Which data source or data sources upon which your rely to make your argument is incredibly important to the validity of tha conclusion. Failing to properly account for why the Federal Reserve data is a shaky source for student loan repayment success significantly undercuts the argument recenly put forth authors at the Brookings Institute that student loan debt rhetoric and the facts don’t match up.
Last week, College Parents of America put up this post regarding the Cleveland Federal Reserve data stating that college is worth it. With that post, we made three clarifications:
- If this statement is to be true, graduating is important for obtaining the average outcome.
- The Federal Reserve uses Survey of Consumer Finances to discuss debt levels. However, this is a problematic measure because the survey focuses on households. When narrowing down to the household level, looking at “households aged 22-29 can significantly discount the average sudent debt of a student. Many students who take on student debt may not be head of household for data purposes.”
- Also regarding that same survey, the “measure may overestimate the earnings of all three sectors, as underemployed or underpaid individuals are less likely to head households.”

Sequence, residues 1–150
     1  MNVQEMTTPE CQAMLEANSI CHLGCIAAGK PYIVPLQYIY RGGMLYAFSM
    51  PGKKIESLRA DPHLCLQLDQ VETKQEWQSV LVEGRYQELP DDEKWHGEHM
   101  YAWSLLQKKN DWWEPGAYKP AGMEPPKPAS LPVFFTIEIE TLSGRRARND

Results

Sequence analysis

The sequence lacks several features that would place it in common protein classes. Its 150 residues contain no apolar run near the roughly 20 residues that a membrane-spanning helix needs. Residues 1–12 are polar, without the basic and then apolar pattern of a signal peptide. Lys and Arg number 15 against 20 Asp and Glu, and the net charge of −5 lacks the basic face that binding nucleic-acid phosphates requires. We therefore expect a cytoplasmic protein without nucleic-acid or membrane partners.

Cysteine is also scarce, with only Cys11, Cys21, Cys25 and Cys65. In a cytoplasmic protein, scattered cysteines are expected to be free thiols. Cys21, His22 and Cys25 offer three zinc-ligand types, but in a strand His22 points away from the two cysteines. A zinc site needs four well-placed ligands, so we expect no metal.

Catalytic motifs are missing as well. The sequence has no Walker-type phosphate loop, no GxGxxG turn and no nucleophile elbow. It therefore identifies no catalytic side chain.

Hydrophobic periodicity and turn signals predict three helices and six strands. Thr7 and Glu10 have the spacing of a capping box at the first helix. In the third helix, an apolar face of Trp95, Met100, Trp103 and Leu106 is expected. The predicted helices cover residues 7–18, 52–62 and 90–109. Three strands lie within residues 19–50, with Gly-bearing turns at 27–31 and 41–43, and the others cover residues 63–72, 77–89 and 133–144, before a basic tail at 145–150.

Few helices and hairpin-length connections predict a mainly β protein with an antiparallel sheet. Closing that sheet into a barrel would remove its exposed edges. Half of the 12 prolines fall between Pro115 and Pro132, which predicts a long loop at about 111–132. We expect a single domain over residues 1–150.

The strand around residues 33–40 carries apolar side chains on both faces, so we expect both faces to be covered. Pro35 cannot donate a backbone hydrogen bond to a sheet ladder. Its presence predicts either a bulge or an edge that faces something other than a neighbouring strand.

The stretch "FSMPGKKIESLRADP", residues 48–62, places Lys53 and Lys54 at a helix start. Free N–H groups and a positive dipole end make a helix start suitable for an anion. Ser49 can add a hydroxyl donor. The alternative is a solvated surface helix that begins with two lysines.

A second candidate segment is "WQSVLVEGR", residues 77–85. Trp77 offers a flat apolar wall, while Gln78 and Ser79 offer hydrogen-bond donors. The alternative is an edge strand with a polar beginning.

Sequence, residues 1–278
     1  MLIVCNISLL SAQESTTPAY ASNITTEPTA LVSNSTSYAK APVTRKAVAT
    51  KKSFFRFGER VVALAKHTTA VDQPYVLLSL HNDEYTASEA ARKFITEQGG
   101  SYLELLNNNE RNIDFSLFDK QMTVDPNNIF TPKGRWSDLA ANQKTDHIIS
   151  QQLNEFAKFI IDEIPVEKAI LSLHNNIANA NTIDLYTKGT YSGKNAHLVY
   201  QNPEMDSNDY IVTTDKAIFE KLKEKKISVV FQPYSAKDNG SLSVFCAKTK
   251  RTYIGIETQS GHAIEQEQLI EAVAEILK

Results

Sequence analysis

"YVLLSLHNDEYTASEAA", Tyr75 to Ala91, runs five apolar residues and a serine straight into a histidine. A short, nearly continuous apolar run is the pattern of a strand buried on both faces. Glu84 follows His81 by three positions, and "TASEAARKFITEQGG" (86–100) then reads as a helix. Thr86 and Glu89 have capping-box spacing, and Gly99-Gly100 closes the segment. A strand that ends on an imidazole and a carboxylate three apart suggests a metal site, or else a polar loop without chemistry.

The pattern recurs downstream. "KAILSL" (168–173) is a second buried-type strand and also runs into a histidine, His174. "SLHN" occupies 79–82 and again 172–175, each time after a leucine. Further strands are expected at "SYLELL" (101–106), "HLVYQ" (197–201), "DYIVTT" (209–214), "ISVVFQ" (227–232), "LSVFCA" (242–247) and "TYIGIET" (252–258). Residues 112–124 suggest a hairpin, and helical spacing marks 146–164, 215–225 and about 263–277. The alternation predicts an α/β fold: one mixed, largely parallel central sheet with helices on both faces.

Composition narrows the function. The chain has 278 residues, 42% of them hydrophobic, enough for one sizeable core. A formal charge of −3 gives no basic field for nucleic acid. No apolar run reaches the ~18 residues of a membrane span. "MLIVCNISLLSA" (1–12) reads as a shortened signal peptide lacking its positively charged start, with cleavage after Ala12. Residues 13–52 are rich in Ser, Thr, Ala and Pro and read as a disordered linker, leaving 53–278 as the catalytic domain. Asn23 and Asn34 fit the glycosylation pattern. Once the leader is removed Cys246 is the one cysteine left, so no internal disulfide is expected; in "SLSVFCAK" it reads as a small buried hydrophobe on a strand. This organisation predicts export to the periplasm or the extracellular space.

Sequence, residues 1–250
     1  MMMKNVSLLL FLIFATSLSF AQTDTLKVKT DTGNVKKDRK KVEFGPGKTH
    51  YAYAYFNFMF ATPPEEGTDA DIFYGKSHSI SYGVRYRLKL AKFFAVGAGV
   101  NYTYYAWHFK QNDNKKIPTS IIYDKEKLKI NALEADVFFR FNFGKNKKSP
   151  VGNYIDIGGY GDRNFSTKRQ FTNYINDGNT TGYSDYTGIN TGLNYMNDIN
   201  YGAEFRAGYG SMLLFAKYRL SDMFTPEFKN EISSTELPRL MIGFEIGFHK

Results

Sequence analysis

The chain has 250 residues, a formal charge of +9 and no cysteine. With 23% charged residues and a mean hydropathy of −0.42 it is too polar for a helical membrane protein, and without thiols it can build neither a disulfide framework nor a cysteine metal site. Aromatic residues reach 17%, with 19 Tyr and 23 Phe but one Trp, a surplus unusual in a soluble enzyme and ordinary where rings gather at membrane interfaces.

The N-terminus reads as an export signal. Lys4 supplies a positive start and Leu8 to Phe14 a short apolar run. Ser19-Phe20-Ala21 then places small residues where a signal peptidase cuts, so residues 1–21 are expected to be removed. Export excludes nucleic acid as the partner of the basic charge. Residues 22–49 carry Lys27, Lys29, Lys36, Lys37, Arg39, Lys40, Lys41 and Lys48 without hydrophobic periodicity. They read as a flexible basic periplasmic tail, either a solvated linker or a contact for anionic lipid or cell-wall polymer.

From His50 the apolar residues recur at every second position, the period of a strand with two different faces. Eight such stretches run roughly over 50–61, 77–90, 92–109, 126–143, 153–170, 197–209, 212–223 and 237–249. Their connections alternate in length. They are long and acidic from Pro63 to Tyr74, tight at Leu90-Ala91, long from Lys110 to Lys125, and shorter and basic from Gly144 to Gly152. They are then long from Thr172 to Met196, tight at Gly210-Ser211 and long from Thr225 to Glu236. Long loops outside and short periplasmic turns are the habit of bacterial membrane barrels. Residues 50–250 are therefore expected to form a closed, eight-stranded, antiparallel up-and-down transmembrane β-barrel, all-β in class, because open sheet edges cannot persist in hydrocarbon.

If one has caught a headline or recent articles about the Brookings Institute report on student loan rhetoric vs reality, one may have missed their main data source. However, if you go to the post on Brookings, it’s fairly explicit. In addition to using the NPSAS from the federal goverment to estimate loan amounts, they rely on the Survey of Consumer Finances.
The authors use the survey to show how repaying loans continues to go well. However, like we said in our clarifications in our post last week, data concerning head of households in repayment are unreliable indicators. This is the boomerang generation (“One in five people in their 20s and early 30s is currently living with his or her parents. And 60 percent of all young adults receive financial support from them.” That’s up from one in 10 a generation ago.). These students are significantly less likely to be a head of household between ages 22 and 40, which is what the report focuses on. And, to make matters worse, 14.7% of borrowers are in default within 3 years. While they may not grab the headline with the shear amount of the debt, it’s certainly not a success story.
In essence, a major flaw in the Brookings approach is that it uses data that are incredibly likely to focus on the subset of those with loans who are doing well in repayment, but then uses that same data to conclude about all students trying to pay off their student loan debt. To play on their headline-grabbing title, this is an example of the rhetoric of Brookings not matching what their chosen data can actually report.
Note: although this post is original, College Parents of America is not the first on the internet to point out significant flaws with this study. For further reading, you may enjoy these articles, which include noticing flaws like ignoring the unemployed:
- Slate: Are We All Overreacting to Student Debt? The answer depends on whose student debt we’re talking about.